The potential for detrimental health effects such as weight gain and type 2 diabetes from excess soda consumption have been shown in numerous observational studies. This topic has become especially pertinent in light of the Mayor Bloomberg’s recent attempt to ban excessively large sodas in New York. However, if sugar sweetened beverages are a problem, what about diet sodas? I admit, in grad school, I definitely drank my fair share of Diet Coke (how else can you get through it without excessive amounts of caffeine!). This is also something that would come up frequently with patients, especially those with diabetes. I always suggest water first, but so many of them hated just plain water after drinking sugary beverages for years. Hesitantly, I would offer diet beverages as an option.
According to the position paper on sweeteners from the Academy of Nutrition and Dietetics, there is no conclusive evidence that artificial sweeteners contribute to weight gain, cancer (other than in a few rat studies which cannot be directly applied to humans), or type 2 diabetes. They did note, that overweight individuals tend to consume more artificial sweeteners though…
Part of the reason it is so hard to put a thumb on whether artificial sweeteners are truly harmful or not is that studies often contradict themselves. In the last 2 months, two research articles both looking at data from the European Prospective Investigation into Cancer and Nutrition (EPIC) study came to two different conclusions.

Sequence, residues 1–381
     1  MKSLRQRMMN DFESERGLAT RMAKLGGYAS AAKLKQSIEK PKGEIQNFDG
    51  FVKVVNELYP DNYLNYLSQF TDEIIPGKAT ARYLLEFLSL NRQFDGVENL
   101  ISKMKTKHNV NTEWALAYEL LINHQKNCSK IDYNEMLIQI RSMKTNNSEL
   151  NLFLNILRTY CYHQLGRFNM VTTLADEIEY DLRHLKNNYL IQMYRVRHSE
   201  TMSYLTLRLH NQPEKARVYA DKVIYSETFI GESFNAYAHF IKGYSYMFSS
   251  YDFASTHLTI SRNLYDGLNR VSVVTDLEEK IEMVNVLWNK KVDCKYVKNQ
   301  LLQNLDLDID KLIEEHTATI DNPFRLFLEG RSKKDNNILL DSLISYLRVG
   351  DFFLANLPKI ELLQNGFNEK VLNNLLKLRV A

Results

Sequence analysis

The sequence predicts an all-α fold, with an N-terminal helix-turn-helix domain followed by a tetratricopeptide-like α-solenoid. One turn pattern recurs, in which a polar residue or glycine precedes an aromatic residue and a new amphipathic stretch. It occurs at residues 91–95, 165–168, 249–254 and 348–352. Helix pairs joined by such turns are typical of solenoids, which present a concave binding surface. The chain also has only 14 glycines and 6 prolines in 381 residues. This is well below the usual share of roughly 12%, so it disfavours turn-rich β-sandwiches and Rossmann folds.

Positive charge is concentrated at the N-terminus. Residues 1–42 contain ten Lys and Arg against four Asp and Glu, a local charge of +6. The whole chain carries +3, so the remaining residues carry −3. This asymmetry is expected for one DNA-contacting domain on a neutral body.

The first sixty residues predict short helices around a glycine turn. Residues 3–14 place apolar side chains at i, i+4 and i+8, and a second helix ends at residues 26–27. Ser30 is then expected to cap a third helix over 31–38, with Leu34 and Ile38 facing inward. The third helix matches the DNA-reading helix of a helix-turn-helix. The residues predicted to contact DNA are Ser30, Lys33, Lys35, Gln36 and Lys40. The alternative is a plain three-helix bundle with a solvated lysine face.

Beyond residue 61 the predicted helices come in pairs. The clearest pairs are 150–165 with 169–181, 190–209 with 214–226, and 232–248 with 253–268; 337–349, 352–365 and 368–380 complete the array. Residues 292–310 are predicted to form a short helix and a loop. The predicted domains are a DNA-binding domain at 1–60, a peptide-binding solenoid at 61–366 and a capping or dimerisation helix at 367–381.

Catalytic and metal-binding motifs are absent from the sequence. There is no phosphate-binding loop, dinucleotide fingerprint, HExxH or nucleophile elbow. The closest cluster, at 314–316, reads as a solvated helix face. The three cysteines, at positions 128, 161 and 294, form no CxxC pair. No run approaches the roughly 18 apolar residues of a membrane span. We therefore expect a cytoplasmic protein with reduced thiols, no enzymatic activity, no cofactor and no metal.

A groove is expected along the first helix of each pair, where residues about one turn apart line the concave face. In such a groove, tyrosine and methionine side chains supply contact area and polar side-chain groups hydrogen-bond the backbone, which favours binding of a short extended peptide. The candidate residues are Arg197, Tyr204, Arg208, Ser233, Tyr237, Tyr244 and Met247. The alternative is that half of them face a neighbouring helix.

- Study 1 – Consumption of Sweet Beverages and Type 2 Diabetes Incidence in European adults: Results from EPIC-InterAct: This study used data from over 10,000 individuals and found a 18% increase in the risk of type 2 diabetes only in those who drank at least 12 ounces of sugar sweetened beverages a day regardless of weight. There was no significant risk from artificially sweetened beverages after adjusting for weight.
- Study 2 – Consumption of Artificially and Sugar-Sweetened Beverages and Incident Type 2 Diabetes in the European Prospective Investigation into Cancer and Nutrition Cohort: This study indicated that women who routinely drank approximately 12-20 ounces of either sugar sweetened or artificially sweetened beverages per week were both at much higher risk for type 2 diabetes than those who rarely consume these beverages. The women who drank >20 ounces of artificially sweetened beverages per week were actually 68% more likely to develop diabetes even after adjusting for weight. (Verses 30% in the sweetened beverages group.)
This is just one example, but obviously, we need more research before we can really make any firm statements about whether artificial sugars are “bad”. (Even though, I may wish I could say they were proven unhealthy based on research evidence.)
As someone who promotes getting their nutrition from whole foods, I would rather you avoid chemically altered sugars! (I confess I do, on a rare occasion, drink a diet soda though…) Water truly is the best beverage. If you aren’t one who loves water, try adding some lemon or orange wedges, berries, fresh mint, or cucumbers to your water bottle to add a hint of natural flavoring. (Check out these water flavoring tips via F00d Adventures!) Juice too is ok, but I usually recommend mixing it half and half with water. Although it’s natural sugar in juice, it’s still sugar! Tea and coffee minus the sugar are great beverages as well!
What do you think? Are you pro diet beverages?